4. Fear of litigation.Framing is very important withnoncitizen clients. How did the trialdefender explain the risk of a highersentence, the risk of removal, and thepenalties for returning illegally? Didthe defender explain mandatorydetention or relief from removal?Did the trial defender treat removal aspart of the penalty for the case anddiscuss it each time he discussedplea offers with the client?


Prop 47 & PC 18.5: felony reduction.Proposition 47 reduced many California offenses from felonies tomisdemeanors: theft offenses involving less than 950 worth ofproperty and drug possession offenses.Penal Code 18.5 changed the maximum penalty for a misdemeanorfrom 365 to 364 days.Example: LPR was convicted of PC § 666, petty theft with a prior, andsentenced to 16 months’ prison, for stealing a 6-pack of beer from agrocery store. This potential aggravated felony can be reduced to amisdemeanor with a 364-day sentence, avoiding that consequence.

PC § 1203.43: erasing past drugdiversion pleas.Past deferred entry of judgment (DEJ) pleas still qualified as“convictions” for immigration purposes, even after dismissal. That’s whywe needed AB 208!California legislature found that courts and defenders affirmativelymisadvised noncitizens about the consequences of these pleas.People who have successfully completed may now have the convictionvacated as legally invalid—meaning it is no longer a conviction forimmigration purposes.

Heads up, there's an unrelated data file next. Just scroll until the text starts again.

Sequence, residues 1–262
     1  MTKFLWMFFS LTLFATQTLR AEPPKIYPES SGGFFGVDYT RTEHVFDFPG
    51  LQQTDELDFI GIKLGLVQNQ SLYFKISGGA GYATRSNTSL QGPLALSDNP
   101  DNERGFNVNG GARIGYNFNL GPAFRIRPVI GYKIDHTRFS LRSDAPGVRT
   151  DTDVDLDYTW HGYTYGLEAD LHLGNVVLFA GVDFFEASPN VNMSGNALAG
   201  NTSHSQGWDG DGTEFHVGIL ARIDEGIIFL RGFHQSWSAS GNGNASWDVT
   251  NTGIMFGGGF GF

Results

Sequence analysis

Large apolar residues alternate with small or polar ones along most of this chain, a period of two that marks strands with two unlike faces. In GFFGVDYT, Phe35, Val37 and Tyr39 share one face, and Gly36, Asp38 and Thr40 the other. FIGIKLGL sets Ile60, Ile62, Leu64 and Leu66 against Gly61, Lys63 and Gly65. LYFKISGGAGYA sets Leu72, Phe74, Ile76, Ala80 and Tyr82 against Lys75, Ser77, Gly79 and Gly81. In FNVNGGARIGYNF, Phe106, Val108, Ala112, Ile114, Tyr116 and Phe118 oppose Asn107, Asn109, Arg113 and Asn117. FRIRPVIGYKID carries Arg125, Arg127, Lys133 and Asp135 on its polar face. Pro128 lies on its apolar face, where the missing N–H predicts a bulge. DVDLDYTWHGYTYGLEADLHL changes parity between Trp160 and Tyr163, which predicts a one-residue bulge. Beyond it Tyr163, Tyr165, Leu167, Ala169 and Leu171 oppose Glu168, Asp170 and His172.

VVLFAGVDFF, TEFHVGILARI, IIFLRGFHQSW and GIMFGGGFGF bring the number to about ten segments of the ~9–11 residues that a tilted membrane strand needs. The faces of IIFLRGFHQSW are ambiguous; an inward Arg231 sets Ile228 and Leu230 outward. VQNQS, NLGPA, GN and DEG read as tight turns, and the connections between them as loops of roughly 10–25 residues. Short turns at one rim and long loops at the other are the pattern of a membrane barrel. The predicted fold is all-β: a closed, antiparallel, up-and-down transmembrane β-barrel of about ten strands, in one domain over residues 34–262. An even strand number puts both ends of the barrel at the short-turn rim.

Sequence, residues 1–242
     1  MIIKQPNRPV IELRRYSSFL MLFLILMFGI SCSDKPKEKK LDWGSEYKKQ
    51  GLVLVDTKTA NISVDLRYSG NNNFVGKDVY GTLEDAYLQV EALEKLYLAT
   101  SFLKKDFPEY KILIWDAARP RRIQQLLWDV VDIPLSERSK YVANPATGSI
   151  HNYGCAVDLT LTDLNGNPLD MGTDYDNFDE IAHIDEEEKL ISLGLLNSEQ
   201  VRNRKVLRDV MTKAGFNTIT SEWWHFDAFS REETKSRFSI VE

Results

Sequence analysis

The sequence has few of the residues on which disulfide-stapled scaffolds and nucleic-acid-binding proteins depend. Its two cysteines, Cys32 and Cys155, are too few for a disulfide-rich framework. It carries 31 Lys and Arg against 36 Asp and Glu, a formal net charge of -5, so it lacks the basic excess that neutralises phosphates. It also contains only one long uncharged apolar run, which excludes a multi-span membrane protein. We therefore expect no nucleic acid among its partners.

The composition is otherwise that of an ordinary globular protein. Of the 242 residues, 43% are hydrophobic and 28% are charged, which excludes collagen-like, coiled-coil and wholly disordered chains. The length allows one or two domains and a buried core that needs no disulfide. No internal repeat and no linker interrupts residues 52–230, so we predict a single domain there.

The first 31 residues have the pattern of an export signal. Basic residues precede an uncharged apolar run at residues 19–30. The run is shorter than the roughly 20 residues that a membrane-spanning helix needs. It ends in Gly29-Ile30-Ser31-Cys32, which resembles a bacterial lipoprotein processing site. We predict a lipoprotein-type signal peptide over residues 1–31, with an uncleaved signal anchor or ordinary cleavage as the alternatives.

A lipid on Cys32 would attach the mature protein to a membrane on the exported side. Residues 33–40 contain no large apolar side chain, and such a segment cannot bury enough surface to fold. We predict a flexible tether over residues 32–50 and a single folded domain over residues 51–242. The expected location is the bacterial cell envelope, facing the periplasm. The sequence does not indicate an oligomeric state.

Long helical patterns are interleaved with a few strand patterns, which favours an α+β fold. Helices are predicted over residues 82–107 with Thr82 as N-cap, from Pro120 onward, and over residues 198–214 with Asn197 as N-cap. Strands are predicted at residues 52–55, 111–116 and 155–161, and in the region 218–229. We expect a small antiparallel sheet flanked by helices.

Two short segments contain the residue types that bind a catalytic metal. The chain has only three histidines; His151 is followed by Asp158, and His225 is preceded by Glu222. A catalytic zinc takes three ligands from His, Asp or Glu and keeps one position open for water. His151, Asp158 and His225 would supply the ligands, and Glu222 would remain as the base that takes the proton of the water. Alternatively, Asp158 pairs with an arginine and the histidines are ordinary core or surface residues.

PC § 1473.7: new post-conviction relieffor noncitizens and innocent people.PC § 1473.7 allows a person whose sentence has been completed tofile a motion to vacate the conviction.Requires “a prejudicial error damaging the moving party’s ability tomeaningfully understand, defend against, or knowingly accept theactual or potential adverse immigration consequences of a plea ofguilty or nolo contendere.”

LPR: Lawful permanent resident or "green card" holder. Eligible to naturalize after 5 years in LPR status (3 if married to USC). Removal requires a hearing before an Immigration Judge, and LPRs are eligible for "cancellation of removal" if no aggravated felony convictions and 5 years as LPR/7 years of residence in U.S.